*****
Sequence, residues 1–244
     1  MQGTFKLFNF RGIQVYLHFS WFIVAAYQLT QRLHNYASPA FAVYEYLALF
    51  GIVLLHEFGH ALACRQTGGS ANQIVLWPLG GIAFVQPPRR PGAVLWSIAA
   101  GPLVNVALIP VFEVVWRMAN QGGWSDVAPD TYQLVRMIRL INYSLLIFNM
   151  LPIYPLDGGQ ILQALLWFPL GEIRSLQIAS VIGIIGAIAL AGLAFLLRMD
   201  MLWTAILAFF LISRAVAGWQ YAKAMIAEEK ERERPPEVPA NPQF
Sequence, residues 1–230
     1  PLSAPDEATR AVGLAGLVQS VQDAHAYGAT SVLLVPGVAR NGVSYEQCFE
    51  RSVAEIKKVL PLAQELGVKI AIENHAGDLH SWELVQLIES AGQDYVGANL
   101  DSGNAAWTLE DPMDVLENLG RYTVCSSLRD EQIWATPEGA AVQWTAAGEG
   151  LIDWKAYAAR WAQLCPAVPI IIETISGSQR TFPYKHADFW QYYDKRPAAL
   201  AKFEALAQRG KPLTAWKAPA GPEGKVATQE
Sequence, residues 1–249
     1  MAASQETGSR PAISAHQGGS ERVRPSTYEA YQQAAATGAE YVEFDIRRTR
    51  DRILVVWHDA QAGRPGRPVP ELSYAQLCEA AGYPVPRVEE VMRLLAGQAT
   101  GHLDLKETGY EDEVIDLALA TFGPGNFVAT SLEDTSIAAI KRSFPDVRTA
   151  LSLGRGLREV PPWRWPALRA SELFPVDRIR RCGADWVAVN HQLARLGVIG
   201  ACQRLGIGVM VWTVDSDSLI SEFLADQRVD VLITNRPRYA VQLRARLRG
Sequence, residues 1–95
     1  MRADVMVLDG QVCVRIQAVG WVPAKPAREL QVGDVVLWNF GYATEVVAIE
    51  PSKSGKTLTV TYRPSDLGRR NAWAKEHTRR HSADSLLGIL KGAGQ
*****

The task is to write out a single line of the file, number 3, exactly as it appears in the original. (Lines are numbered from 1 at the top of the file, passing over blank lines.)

    51  GIVLLHEFGH ALACRQTGGS ANQIVLWPLG GIAFVQPPRR PGAVLWSIAA